I don't think morality is either arbitrary, political or "public consensus"

I think that the good is that which enhances life.

So IMHO smoking pot would not be good.

Roger Clough, rclo...@verizon.net
8/21/2012 
Leibniz would say, "If there's no God, we'd have to invent him so everything 
could function."
----- Receiving the following content ----- 
From: Platonist Guitar Cowboy 
Receiver: everything-list 
Time: 2012-08-20, 10:46:52
Subject: Re: The logic of agendas


Hi Roger,

That's just too trivial as a solution, although nothing finally is: the 
attractor of dynamical systems and phase space are fascinating, although I fail 
to see how the discussion advances through them.

There is something difficult about power/control, even speaking restricting to 
linguistic frame. Whether one looks to Teun van Dijk, Norman Fairclough, Don 
Kulick... yes, these guys have political axes to grind at times, but I agree 
that power/will to control can mask itself as anything and the work of these 
linguists is to document and expose how this marks discourse.

Say somebody comes to you with a set of "hundreds of problems" and you lend a 
listening ear. It's ambiguous linguistically speaking whether:

1) This somebody really needs your help with his jarring list of problems, and 
is prepared to sincerely tackle them, taking your advice into deep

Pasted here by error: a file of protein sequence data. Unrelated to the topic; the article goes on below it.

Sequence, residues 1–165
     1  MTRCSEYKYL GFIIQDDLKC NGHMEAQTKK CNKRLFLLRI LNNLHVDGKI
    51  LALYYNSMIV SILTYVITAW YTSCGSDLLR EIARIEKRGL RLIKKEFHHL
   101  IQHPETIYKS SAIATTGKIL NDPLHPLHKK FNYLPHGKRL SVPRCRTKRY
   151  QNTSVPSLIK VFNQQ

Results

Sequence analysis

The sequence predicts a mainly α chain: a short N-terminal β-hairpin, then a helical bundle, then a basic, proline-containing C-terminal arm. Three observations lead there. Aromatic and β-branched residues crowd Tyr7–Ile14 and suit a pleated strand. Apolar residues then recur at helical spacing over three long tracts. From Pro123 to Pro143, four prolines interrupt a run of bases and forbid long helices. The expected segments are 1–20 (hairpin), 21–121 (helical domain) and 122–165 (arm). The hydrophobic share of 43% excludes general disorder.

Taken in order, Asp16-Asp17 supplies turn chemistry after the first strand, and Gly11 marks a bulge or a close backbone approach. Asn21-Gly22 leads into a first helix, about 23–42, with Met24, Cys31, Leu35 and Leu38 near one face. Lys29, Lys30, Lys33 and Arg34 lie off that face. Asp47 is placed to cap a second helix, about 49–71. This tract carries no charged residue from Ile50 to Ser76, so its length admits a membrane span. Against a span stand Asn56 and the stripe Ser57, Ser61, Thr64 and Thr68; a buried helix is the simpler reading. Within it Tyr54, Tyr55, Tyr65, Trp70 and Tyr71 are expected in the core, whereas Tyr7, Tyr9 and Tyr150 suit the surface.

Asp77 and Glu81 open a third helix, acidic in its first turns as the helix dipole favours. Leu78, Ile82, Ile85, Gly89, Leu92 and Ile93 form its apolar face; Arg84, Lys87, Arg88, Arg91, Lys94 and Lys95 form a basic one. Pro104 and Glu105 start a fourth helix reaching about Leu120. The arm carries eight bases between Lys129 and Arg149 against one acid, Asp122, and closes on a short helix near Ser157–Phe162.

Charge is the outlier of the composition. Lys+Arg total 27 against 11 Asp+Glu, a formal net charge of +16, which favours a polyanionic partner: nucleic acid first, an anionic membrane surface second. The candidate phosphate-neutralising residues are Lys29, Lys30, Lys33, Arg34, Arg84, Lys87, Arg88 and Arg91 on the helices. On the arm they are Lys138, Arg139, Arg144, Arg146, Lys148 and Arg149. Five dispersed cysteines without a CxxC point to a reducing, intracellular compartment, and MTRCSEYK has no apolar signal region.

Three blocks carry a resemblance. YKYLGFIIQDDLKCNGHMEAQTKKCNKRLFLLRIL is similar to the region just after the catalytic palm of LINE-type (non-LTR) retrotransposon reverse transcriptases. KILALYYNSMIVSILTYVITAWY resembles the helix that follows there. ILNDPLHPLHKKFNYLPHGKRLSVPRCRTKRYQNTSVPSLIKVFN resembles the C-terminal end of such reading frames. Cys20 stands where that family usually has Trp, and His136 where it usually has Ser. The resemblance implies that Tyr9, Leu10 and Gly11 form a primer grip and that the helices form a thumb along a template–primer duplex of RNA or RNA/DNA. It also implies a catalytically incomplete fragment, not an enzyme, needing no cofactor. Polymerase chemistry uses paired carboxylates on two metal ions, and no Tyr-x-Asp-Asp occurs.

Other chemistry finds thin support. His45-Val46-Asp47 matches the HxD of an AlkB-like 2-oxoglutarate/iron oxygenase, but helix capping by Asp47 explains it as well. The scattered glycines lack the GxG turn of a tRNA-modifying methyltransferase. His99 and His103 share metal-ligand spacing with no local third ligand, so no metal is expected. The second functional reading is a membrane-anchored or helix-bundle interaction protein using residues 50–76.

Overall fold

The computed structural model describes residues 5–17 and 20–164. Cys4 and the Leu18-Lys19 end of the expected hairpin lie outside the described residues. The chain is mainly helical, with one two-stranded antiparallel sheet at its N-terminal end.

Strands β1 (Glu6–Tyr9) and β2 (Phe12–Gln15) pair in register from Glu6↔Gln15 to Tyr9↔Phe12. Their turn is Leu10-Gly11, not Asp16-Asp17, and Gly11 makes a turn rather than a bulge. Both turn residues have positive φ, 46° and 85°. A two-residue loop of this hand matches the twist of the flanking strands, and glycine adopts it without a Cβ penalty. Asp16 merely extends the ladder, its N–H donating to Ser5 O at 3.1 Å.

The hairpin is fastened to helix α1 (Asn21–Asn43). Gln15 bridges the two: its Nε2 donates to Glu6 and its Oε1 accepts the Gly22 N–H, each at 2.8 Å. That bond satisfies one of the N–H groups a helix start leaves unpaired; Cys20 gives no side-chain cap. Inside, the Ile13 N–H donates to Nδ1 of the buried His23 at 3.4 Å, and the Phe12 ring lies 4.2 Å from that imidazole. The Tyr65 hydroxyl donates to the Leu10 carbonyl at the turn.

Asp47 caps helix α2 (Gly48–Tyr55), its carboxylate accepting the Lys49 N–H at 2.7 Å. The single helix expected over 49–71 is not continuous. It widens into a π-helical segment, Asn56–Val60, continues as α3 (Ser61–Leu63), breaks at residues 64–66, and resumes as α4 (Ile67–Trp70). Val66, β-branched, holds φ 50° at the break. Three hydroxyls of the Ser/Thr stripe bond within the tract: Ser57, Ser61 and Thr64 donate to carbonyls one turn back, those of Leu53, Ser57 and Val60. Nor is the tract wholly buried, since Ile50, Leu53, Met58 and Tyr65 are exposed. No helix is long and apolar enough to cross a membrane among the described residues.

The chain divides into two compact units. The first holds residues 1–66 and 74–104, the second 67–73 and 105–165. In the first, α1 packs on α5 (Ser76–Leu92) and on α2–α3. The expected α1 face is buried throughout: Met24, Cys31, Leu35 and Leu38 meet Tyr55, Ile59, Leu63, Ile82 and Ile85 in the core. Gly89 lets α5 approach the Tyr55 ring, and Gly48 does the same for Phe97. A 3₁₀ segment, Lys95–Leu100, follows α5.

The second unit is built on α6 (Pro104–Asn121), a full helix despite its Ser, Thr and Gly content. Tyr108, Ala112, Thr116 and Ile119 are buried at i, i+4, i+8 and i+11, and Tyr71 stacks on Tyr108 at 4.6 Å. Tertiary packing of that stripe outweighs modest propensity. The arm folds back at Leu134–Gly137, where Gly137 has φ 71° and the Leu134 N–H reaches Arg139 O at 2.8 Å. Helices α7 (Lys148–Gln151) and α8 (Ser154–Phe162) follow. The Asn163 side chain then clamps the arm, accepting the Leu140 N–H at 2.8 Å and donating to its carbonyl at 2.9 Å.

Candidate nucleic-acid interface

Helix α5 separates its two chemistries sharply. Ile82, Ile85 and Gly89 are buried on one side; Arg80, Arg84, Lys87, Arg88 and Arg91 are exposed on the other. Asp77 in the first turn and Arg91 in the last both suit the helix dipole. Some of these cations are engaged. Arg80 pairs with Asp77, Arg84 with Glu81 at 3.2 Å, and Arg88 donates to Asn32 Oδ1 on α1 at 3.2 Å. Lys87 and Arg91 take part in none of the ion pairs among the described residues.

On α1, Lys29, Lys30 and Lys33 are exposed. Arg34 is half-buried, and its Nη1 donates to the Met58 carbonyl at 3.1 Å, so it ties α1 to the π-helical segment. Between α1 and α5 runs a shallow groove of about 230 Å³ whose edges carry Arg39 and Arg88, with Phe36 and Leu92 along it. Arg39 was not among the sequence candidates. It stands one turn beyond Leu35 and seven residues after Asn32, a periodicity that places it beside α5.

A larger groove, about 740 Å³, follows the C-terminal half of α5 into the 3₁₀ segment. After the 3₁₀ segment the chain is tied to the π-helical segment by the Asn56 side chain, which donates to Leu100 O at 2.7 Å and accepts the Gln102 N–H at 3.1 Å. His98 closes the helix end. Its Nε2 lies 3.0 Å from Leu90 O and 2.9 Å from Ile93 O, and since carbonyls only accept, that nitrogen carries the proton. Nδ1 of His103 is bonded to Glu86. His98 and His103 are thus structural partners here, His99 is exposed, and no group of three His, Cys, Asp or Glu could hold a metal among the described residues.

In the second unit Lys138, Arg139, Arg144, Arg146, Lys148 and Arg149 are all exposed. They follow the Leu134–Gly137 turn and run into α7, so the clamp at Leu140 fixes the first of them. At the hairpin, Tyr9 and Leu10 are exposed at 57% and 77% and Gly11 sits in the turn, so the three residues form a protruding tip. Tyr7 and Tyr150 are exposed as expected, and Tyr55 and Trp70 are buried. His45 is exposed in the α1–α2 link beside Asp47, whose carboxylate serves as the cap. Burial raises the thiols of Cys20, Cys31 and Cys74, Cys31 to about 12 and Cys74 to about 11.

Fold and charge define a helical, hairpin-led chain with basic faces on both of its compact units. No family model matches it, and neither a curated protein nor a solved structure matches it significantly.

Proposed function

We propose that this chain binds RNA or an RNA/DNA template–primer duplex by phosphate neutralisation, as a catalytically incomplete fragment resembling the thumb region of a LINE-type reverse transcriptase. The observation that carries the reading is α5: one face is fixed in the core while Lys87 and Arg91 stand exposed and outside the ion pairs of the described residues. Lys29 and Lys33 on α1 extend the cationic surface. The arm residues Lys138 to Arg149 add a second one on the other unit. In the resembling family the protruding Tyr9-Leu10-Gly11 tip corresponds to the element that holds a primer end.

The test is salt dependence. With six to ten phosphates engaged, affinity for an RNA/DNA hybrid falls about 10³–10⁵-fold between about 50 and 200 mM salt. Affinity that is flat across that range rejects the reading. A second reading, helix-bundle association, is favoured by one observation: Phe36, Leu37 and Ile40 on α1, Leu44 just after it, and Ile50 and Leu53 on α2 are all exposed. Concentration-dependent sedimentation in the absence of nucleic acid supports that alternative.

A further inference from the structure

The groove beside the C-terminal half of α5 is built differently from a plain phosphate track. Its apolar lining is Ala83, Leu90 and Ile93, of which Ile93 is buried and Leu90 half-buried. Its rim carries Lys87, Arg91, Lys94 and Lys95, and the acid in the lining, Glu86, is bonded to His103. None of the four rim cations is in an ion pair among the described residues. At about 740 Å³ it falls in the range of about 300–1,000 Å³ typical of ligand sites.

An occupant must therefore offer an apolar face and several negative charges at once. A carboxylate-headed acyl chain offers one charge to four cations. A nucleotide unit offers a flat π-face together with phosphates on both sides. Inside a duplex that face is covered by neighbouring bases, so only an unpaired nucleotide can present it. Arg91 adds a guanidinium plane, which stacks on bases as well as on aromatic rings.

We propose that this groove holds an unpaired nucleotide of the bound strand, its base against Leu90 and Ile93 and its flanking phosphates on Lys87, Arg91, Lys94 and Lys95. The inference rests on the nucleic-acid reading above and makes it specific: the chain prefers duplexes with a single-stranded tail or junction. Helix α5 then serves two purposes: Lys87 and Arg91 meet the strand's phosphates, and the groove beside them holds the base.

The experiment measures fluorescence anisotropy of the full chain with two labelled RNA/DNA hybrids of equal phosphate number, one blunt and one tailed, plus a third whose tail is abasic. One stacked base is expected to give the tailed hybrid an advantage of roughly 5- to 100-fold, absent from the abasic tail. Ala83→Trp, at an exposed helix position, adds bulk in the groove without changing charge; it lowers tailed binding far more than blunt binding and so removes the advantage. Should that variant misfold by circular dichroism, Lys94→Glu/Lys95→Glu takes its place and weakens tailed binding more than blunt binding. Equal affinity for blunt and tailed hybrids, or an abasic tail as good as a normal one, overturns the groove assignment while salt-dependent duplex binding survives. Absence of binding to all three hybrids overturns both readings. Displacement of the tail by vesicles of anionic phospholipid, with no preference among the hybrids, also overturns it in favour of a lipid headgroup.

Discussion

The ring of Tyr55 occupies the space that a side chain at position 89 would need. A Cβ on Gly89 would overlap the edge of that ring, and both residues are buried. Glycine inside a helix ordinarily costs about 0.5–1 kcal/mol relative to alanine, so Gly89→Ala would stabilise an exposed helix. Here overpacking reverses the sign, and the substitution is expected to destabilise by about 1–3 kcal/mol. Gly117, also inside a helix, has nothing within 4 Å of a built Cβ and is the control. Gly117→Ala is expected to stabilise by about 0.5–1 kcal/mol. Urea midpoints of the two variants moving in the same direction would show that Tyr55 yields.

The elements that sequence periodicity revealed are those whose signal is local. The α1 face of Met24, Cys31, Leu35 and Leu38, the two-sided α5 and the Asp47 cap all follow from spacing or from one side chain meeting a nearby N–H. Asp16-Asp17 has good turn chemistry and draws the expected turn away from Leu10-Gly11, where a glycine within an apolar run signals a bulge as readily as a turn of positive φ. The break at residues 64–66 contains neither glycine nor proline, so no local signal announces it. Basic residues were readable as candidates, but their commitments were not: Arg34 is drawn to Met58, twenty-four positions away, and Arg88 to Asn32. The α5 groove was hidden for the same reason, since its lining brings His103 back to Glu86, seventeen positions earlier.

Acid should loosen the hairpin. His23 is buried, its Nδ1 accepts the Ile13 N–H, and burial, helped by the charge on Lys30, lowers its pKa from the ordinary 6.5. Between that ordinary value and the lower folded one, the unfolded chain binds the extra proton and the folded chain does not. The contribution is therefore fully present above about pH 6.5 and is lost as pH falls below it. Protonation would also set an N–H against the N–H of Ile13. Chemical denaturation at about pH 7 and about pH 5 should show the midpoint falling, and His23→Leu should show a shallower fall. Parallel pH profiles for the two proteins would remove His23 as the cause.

consideration.

2) This somebody is barraging you with messages, out of 
desire/power/insecurity, and before one problem has been tackled, has already 
jumped to the next because the problems themselves don't really matter: she/he 
just wants to be "taken seriously" and feel control, with you jumping though 
all of their "problems and questions", necessitated by solidarity, respect, 
politeness expectations of discourse.

Number 2) according to most linguists I've read, is force and harm onto others, 
publicly, through the media for instance, as well as in private 
discourse/messages, and marks its somewhat violent control agenda by no 
significant concern for answers or the problems themselves, pretend follow-up 
to answers, half listening, and half answering. But it gets devious/cruel when 
agenda 2) poses more convincingly as 1). 

Thus for now, I remain convinced that the ins and outs of the control structure 
"self", as Bruno put it, make agendas inaccessible because notions of self, are 
as semantically slippery as they have always been.

My aesthetic sense/intuition/taste, computational or not, doesn't really 
consider this to be a problem. It just tells me in Nietzsche style: "No. 1 is 
beautiful and No.2 is ugly. If you can't distinguish, then you have no taste- 
or at least lack some taste, a sense of style and should acquire some or more, 
if you want some measure on such problems." Of course, I take this with a large 
grain of salt.

But any comments on self, agendas, control welcome. Thanks Robert and Bruno for 
yours.




On Mon, Aug 20, 2012 at 12:25 PM, Roger <rclo...@verizon.net> wrote: